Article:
Writer, Editor, Advocate.

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Bernard Grant

Writing

Bernard’s short prose has been nominated for the Best of the Net and Pushcart Prize anthologies, having appeared in Third Coast, The South Carolina Review, Crab Orchard Review, Craft, and New Delta Review, among other literary venues. Bernard has authored two prose chapbooks—Puzzle Pieces (Paper Nautilus Press, 2016) and Fly Back at Me (Sundress Publications, 2017)—and their novel-in-stories manuscript has been finalized in book prizes with Texas Tech University Press and Southeast Missouri State University Press.

Currently, Bernard is writing a novel as well as essays on Autistic culture and the neurodiversity paradigm. 

Editing

Bernard has worked for various publications, including The Review Review, Pithead Chapel, The Nervous Breakdown,  and The Cincinnati Review. They currently serve as a fiction editor at Tahoma Literary Review, a biannual print journal that publishes literary fiction, poetry, and creative nonfiction.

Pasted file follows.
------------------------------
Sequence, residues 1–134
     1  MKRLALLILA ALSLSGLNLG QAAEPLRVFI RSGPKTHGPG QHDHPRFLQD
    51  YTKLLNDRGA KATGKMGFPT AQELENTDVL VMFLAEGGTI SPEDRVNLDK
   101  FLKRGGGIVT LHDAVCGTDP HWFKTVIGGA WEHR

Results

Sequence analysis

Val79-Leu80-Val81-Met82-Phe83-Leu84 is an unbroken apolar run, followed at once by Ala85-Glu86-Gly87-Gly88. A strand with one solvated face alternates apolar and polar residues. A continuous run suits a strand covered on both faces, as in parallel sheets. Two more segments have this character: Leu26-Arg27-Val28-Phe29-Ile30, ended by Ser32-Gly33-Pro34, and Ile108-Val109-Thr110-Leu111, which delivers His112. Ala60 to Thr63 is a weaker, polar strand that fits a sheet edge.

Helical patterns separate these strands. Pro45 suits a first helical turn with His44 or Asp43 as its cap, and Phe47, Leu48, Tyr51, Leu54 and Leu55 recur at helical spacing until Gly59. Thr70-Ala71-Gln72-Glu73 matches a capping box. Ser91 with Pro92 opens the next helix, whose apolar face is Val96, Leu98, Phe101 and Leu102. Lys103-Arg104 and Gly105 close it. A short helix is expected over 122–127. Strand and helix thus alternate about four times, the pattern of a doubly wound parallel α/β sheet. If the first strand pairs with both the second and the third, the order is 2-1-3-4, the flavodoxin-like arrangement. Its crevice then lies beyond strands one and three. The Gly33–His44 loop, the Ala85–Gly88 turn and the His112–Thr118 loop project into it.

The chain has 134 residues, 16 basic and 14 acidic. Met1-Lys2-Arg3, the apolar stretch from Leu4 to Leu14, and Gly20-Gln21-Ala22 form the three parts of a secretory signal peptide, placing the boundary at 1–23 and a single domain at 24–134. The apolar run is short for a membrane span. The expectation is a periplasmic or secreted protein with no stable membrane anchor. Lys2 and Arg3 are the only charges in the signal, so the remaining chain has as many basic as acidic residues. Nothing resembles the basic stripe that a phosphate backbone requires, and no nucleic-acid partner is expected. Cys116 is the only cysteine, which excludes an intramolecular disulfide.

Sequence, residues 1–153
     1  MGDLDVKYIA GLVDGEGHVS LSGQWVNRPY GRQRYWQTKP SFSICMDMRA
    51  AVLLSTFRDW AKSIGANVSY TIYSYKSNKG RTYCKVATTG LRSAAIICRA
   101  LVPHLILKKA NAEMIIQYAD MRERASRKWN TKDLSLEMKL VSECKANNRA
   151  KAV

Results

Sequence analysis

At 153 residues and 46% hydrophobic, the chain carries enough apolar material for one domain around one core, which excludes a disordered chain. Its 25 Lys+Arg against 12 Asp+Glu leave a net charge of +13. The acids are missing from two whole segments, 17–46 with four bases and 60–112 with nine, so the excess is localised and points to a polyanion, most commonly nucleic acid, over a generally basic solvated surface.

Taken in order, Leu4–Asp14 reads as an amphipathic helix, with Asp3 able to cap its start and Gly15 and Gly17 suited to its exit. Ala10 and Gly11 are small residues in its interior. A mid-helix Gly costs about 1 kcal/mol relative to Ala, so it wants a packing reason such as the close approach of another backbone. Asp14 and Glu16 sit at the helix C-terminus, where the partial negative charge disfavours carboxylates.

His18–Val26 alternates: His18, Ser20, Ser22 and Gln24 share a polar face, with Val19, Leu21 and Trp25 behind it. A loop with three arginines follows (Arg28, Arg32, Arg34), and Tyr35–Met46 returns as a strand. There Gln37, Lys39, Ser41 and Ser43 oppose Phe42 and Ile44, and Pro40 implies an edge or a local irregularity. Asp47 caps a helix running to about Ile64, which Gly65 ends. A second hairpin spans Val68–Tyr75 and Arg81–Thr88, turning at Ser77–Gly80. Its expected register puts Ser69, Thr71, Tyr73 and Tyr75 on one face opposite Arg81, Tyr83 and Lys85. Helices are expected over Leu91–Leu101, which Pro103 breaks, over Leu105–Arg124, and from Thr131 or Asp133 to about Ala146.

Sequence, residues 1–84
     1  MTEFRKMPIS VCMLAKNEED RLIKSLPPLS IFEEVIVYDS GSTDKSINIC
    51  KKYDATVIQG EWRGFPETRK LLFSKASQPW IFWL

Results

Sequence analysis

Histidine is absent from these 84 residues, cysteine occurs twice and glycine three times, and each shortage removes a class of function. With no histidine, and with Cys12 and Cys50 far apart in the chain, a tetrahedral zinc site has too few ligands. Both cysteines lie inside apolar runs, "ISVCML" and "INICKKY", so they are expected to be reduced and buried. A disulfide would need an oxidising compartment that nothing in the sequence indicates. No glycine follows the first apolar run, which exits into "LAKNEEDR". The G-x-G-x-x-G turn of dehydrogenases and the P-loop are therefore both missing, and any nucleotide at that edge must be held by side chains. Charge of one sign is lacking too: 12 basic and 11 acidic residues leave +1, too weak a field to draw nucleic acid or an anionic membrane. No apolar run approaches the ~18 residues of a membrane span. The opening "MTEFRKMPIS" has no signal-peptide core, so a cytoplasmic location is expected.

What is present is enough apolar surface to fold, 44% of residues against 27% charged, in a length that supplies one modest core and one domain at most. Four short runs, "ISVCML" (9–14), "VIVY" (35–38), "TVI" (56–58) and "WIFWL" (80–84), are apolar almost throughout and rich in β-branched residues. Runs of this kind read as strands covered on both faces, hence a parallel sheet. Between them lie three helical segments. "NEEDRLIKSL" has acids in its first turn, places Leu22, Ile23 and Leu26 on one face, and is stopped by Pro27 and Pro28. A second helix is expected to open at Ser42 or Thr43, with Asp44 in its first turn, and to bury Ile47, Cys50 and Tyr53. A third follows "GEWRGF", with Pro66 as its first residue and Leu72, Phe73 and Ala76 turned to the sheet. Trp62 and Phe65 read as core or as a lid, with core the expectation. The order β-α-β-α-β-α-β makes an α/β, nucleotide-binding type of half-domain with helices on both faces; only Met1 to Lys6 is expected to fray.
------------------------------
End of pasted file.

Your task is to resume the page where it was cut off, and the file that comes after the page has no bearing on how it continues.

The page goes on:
Advocacy

Bernard advocates for the inclusion of neurominorities. They cofounded the Diversity with Dignity Global Roundtable. They also serve as a board member of NeuroGuides: Life Guides for Autistics and as a life coach at Autism Personal Coach. 

Education, Awards, and Honors

Bernard holds a BA in film studies and creative writing from The Evergreen State College and an MFA in creative writing from Pacific Lutheran University where they were awarded the Carol Houck Smith Graduate Scholarship. Bernard has also received fellowships and residency support from The Anderson Center at Tower View, Sundress Academy for the Arts, Fishtrap: Writing and the West, the Jack Straw Cultural Center, Mineral School, Vermont Studio Center, and the University of Cincinnati, where they earned a Ph.D. in creative writing and literature. 

“Bernard Grant’s stories are compassionate, deeply perceptive explorations of what happens to people who can’t move forward.”
Trapped by circumstance, by past traumas, by themselves, Bernard’s characters manage to hope for different lives, even as they accept that they probably won’t get them. They speak to each other, and to us, in ways that are simultaneously complex and straightforward, but always believably, and inevitably poignant. These are quietly unsettling stories that sit uneasily in your heart long after you’ve finished them.”

Suzanne Berne

Author of the Dogs of Littlefield, The Ghost at the Table, and Crime in the Neighborhood